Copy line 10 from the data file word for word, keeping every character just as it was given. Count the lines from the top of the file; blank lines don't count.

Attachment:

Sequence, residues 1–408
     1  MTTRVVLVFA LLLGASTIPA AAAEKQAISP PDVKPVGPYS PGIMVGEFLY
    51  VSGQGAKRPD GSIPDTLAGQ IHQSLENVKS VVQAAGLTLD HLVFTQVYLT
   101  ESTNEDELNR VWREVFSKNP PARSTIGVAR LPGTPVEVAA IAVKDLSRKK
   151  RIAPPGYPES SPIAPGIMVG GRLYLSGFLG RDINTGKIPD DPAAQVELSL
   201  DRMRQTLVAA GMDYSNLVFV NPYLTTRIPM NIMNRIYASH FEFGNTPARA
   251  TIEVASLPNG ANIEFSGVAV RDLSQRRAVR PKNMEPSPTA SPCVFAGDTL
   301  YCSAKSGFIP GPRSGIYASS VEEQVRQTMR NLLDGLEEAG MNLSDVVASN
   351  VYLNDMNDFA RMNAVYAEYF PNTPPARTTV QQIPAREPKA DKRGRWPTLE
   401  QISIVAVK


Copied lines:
   401  QISIVAVK